World Eight historical episodes in which fiscal problems led to disaster

14:45  25 november  2021
14:45  25 november  2021 Source:   washingtonexaminer.com

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Governments throughout history have seen political and social unrest stem from fiscal irresponsibility.

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Here are eight prominent instances:

French Revolution

Louis XVI supported the Continental Army during the American Revolution, and although he found himself on the winning side, it proved costly. His finance minister, Jacques Necker, was fond of using loans to finance the war efforts. France’s war expenditures, loss of vital colonies, and inefficient tax system resulted in its incurring $4.58 billion in debt, with the debt exceeding the revenue by over 50%, according to records released by Necker in 1788, the year of a financial disaster. “The immediate cause of the French Revolution was the fiscal crisis of 1788,” according to Thomas Sargent, a professor at the University of Chicago and Stanford University. To solve the crisis, Louis XVI called the Estates General in Paris, a gathering of the country’s three estates, or social classes: clergy, nobles, and common people — setting the stage for the revolution.

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Weimar Republic

After Germany lost World War I, the Treaty of Versailles stipulated that the country pay a war indemnity of 132 billion gold marks, a nearly impossible reparation. John Maynard Keynes, an economist who worked in the British Treasury, left his post after the Allies forced Germany to pay the amount.

“The policy of reducing Germany to servitude for a generation, of degrading the lives of millions of human beings, and of depriving a whole nation of happiness should be abhorrent and detestable, — abhorrent and detestable, even if it were possible, even if it enriched ourselves, even if it did not sow the decay of the whole civilized life of Europe,” he wrote in his book, The Economic Consequences of the Peace.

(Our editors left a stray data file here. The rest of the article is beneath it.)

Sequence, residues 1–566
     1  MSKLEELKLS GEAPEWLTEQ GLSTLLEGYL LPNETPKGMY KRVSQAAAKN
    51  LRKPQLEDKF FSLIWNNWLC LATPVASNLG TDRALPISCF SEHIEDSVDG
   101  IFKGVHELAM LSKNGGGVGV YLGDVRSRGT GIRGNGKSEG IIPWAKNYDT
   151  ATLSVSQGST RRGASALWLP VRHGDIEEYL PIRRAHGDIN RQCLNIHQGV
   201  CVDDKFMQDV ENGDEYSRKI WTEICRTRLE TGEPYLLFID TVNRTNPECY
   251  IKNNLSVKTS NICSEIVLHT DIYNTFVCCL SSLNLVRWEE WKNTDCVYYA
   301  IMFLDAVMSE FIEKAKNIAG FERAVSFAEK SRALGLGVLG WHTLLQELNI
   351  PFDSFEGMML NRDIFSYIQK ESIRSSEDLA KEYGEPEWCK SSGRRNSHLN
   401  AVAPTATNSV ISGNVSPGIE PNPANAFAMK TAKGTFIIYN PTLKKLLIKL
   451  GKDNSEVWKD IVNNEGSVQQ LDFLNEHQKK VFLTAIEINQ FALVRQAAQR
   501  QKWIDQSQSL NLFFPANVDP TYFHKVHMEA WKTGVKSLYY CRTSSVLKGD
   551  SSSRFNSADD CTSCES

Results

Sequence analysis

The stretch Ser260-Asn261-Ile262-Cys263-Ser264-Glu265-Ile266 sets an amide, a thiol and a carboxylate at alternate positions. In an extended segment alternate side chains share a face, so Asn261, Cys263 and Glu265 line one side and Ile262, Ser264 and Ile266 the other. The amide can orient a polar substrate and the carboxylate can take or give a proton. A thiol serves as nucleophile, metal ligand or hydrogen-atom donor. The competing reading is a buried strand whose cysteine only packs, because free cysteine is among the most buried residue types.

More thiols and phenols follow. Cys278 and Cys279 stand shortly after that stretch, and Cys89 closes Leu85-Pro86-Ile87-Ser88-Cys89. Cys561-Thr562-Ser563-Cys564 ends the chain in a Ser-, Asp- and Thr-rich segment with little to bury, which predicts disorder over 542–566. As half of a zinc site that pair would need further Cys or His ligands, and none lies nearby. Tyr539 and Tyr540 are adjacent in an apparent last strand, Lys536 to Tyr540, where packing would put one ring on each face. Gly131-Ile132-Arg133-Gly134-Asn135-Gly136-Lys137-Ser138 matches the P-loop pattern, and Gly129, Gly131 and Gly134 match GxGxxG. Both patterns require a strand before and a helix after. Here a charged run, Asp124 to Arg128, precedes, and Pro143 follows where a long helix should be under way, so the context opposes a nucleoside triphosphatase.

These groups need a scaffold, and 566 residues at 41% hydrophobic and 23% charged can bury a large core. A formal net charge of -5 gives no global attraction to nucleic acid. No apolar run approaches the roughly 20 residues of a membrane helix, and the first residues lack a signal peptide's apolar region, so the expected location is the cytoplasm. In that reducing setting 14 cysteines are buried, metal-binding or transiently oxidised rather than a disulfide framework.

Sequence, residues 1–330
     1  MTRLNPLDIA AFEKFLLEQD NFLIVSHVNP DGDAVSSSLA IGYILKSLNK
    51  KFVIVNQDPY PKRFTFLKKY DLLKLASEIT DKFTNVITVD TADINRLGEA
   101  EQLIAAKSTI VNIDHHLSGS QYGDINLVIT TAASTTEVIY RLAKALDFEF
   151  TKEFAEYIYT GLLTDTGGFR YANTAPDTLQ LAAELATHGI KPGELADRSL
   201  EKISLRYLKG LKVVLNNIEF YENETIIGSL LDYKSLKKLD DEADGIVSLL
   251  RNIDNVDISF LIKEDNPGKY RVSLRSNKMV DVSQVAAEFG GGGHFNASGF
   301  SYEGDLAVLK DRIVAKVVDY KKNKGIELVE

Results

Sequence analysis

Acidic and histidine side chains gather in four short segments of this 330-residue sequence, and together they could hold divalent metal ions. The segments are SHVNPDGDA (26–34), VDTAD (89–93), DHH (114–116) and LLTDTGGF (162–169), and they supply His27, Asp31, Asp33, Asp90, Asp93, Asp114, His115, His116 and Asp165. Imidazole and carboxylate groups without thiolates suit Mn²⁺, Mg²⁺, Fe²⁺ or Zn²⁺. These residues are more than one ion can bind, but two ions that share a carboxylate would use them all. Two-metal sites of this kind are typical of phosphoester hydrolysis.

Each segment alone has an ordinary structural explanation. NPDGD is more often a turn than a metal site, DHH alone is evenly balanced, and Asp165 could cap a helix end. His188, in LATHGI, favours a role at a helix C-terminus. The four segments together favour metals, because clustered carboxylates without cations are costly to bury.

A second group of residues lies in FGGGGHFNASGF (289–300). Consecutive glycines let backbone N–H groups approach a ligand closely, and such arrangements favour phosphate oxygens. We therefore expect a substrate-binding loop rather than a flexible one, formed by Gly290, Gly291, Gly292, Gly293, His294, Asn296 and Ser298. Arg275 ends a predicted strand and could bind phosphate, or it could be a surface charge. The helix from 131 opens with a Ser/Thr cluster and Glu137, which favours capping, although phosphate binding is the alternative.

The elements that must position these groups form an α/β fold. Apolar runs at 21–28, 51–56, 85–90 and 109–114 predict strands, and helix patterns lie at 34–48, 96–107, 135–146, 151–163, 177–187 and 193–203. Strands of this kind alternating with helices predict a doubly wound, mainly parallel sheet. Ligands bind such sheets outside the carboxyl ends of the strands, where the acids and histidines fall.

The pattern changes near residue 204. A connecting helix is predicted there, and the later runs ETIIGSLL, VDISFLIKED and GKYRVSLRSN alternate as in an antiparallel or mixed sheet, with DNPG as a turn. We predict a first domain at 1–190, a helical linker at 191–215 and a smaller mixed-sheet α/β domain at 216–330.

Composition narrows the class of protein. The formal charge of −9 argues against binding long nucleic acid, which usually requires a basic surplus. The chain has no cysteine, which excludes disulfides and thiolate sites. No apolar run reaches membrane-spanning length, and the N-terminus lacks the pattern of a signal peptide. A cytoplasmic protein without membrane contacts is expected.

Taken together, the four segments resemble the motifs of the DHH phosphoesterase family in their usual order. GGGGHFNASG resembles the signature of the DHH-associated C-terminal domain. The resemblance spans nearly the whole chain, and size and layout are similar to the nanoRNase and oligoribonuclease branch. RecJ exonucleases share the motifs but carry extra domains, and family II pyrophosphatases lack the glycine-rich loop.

When the newly created Weimar Republic fell behind on its payments in 1921, France decided to collect on the debts by taking over the Ruhr valley, a fertile and resource-rich region in western Germany. The workers in the valley, however, refused to work for their new French bosses and forced them to vacate the region. The Weimar government saw it fit to reward the patriotic residents, but it did not have the money to do it. The solution to its problem and that of the war debt was to print more money. One of the worst episodes of hyperinflation in human history ensued.

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Although the currency was inflating during the war, it was accelerated by the 1921 printing of new papiermarks, causing the monthly inflation rate to climb as high as 29,500% in October 1923. By 1925, the Weimar Republic’s debt-to-GDP ratio was 68%. Amid the chaos, the National Socialist German Workers' Party began to gain influence, resulting in the rise to prominence of Adolf Hitler, who called the Weimar Republic a “robbers’ state” in 1923 for its massive printing of money. The rise of Nazi Germany was a direct result of hyperinflation, many historians argue. “Our hypothesis is that the great German inflation of 1919-1923 was an important cause of the destruction of democracy in the Weimar Republic and the development of totalitarian government which culminated in Hitler’s Third Reich,” wrote economics professor Lewis Hill of Texas Tech University in 1977.